Anxiety is a feeling that many adults are familiar with. Many adults even seek help for their anxiety and recognize it as a challenge that requires the development of coping skills. Yet, one of the biggest misconceptions about anxiety is that the stress of adult life creates anxiety when if fact, anxiety has nothing to do with age and circumstance.
Anxiety is the result of a healthy, functioning brain being a bit too overprotective. Amygdala, which is a part of the brain, is what keeps us safe by igniting our fight or flight reactions. The amygdala reacts in such an instinctive way that if there is any sign of danger, it will usually act before there is time for true reflection. The fear of the unknown, embarrassment or separation from loved ones can all register as danger to the amygdala and when it is triggered, it initiates a surge of neurochemicals to make us more capable of coping.
Yet, sometimes, the amygdala reacts when it doesn’t need to. This does not mean that something is broken, it simply means that a capable brain is working too hard and being overprotective. There are many avenues to take towards managing anxiety and by seeking help from a place of understanding, coping mechanisms can be learned or put in place to help the brain cope.
However, symptoms of anxiety are often difficult for children to understand and articulate. They know that something is making them feel unwell, but the root of their distress is complex, unknown and can reveal itself in indirect ways. While some of the following phrases are not necessarily signs of an anxious child, they can be used as investigative tools for uncovering the source of confusing behavior in your child:
1. “I feel sick…”
During anxiety, the body slows down anything that is not essential for survival as a means to conserving energy for that fight or flight reaction. As a result, blood flow is directed away from the abdominal organs to the brain, causing a sick stomach and even vomiting. This can also be the reason behind your child telling you that they are not hungry, or showing a lack of appetite.
3. “I need to pee…”
The neurochemicals released from flight or fight can cause the need for frequent urination. There are numerous theories as to why this happens including muscle tightness and ultra-sensitivity of the central nervous system. While this can be a sign of anxiety in your child, it can also be the result of other physical ailments such a urinary tract infection, so consult a pediatrician if you see changes in your child’s bathroom habits.
4. “I’m tired…”
Keeping the body at a higher rate of flight or fight is exhausting for adults and especially exhausting for children. If a child is showing signs of exhaustion, it could come from lack of rest due to an overactive, anxious brain. However, if you notice concerning or unusual fatigue in your child, always consult a pediatrician to rule out other potential possibilities.
5. “I want to stay with you…”
Separation from loved ones—referred to in child development as “separation anxiety” is common for young children and driven by a fear that something could happen to them when you leave.
6. “I’m sorry…”
Constant apologies can be a sign that fear of failure or disappointment is creating anxiety symptoms in your child. If your child is timid, fearful and apologetic it could be that their danger instincts are overactive.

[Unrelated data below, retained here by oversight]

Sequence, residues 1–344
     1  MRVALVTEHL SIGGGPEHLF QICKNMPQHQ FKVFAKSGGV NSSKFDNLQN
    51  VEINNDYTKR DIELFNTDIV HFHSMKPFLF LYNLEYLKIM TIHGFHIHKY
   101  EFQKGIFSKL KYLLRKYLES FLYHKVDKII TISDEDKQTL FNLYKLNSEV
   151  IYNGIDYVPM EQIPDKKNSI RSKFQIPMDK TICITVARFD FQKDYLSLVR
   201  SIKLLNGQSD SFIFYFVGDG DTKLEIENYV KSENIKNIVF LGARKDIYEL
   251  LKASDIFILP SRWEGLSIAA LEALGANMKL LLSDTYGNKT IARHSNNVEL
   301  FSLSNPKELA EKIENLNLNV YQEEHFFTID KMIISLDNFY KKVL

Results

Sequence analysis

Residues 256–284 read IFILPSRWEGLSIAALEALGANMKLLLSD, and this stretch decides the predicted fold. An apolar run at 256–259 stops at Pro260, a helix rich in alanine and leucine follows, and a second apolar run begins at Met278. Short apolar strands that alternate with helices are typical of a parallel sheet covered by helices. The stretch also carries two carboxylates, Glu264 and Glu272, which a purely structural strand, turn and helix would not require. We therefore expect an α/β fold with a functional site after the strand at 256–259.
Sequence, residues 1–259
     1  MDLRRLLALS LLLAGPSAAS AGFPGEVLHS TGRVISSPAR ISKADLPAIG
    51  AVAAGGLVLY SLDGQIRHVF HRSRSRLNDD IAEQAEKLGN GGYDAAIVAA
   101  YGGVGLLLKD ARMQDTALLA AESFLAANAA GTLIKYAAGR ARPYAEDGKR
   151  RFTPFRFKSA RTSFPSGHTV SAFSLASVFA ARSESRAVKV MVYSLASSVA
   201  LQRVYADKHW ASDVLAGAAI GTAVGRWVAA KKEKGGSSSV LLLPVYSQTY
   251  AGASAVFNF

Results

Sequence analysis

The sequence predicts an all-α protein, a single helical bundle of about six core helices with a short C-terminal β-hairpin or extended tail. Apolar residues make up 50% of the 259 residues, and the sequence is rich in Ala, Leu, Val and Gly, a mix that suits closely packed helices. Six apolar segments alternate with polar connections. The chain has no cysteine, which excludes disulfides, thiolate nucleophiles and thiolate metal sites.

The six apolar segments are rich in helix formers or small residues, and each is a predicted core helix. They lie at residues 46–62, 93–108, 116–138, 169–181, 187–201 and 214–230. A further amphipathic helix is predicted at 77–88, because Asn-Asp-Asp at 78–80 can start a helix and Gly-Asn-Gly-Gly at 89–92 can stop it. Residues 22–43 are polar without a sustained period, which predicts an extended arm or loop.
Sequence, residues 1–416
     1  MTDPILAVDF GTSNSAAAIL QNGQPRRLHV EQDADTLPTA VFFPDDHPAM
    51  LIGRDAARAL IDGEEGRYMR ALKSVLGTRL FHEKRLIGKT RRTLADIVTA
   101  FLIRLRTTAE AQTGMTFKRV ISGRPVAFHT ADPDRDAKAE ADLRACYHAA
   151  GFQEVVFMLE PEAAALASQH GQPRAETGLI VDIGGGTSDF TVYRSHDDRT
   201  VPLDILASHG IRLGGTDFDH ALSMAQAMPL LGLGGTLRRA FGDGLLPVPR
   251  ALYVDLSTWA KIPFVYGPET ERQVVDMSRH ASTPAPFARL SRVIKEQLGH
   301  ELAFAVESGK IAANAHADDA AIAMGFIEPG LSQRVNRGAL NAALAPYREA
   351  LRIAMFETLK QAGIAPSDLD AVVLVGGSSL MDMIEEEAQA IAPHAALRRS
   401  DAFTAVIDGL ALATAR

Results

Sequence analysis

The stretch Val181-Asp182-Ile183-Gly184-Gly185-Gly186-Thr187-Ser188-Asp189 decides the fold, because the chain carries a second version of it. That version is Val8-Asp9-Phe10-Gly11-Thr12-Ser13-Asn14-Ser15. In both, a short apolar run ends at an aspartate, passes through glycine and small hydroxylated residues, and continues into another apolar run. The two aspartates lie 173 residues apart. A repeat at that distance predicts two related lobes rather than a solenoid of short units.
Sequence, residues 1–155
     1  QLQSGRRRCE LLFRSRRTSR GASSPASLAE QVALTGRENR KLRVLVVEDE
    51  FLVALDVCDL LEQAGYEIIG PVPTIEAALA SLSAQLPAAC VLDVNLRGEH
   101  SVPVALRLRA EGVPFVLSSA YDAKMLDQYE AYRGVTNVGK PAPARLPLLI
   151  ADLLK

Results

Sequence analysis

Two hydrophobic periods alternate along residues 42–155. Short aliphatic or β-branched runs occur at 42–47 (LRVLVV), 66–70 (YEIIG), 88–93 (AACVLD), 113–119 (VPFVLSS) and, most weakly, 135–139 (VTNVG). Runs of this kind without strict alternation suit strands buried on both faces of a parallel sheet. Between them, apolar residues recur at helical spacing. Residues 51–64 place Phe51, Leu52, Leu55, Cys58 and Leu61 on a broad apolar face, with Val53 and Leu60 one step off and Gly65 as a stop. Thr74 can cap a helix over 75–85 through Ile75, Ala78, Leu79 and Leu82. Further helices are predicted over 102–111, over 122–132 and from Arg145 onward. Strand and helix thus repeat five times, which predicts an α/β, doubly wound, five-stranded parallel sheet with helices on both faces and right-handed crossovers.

If you discover that your child is suffering from anxiety, there are many ways to help them develop coping skills through options such as specialized child occupational therapy.
However, your words and reactions also carry massive weight in helping your child cope with anxiety:
1. “I am here to help you” instead of… “you’ll be fine.”
Your child doesn’t feel fine even though you may see that they are not in danger or have little apparent reason to be upset. So telling them, “You’re fine” only contributes to them not understanding their own emotions and feeling more out of control.
2. “I know you feel anxious but I know you can do this. I am here to support you” instead of…”I’ll do it.”
Anxious children do want independence over their worries, but anxious thoughts often get in the way. When you “fix” it and complete the task for the child, they do not have the opportunity to build coping skills.
3. “Can you tell me more about your worries?” instead of… “Don’t worry.”
Children should not feel that their worries are unreasonable or unacceptable to you. They should feel safe to reveal their worries to you and be promoted to explain their worries so that you have an opportunity for a discussion that could put their worries to rest.
4. “I see that you’re worried, but I promise that when school is over, I will be back!” Instead of… “Ok, I’ll stay.”
The good thing about separation anxiety is that while the moment of separation is especially challenging and distressing (especially for the parent), it gets better each time the child realizes that nothing terrible happens when they leave. Discuss and establish a special goodbye routine with your child and then stick to it, even if your child is distressed. Each time, they will become more confident in their independence and it will become easier. If you reward your child by staying when they show distress, they will continue to do it.
Being investigative about your child’s physical, emotional and spiritual health will often help you reveal hidden triggers that may be causing them distress. Although the idea of a child-size problem causing the same anxiety that you feel from your adult-sized ones may seem hard to believe, the symptoms created are the same. Be attentive and always be an advocate for your child’s mental health.
Originally published at www.lightworkers.com